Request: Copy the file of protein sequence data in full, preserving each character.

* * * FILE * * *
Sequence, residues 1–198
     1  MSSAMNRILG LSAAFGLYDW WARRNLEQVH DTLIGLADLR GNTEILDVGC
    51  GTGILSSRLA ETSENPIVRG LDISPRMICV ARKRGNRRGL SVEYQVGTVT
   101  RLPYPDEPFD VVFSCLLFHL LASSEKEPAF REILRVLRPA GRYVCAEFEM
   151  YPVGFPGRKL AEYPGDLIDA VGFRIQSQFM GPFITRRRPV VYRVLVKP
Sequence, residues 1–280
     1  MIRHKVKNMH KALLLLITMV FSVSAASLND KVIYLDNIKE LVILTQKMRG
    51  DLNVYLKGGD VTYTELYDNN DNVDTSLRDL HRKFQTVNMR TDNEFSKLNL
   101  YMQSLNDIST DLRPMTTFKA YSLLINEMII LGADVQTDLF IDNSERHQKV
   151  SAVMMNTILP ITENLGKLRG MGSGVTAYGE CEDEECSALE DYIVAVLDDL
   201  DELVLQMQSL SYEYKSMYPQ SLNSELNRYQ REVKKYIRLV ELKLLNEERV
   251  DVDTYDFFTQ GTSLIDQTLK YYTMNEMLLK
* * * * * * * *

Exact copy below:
Sequence, residues 1–198
     1  MSSAMNRILG LSAAFGLYDW WARRNLEQVH DTLIGLADLR GNTEILDVGC
    51  GTGILSSRLA ETSENPIVRG LDISPRMICV ARKRGNRRGL SVEYQVGTVT
   101  RLPYPDEPFD VVFSCLLFHL LASSEKEPAF REILRVLRPA GRYVCAEFEM
   151  YPVGFPGRKL AEYPGDLIDA VGFRIQSQFM GPFITRRRPV VYRVLVKP
Sequence, residues 1–280
     1  MIRHKVKNMH KALLLLITMV FSVSAASLND KVIYLDNIKE LVILTQKMRG
    51  DLNVYLKGGD VTYTELYDNN DNVDTSLRDL HRKFQTVNMR TDNEFSKLNL
   101  YMQSLNDIST DLRPMTTFKA YSLLINEMII LGADVQTDLF IDNSERHQKV
   151  SAVMMNTILP ITENLGKLRG MGSGVTAYGE CEDEECSALE DYIVAVLDDL
   201  DELVLQMQSL SYEYKSMYPQ SLNSELNRYQ REVKKYIRLV ELKLLNEERV
   251  DVDTYDFFTQ GTSLIDQTLK YYTMNEMLLK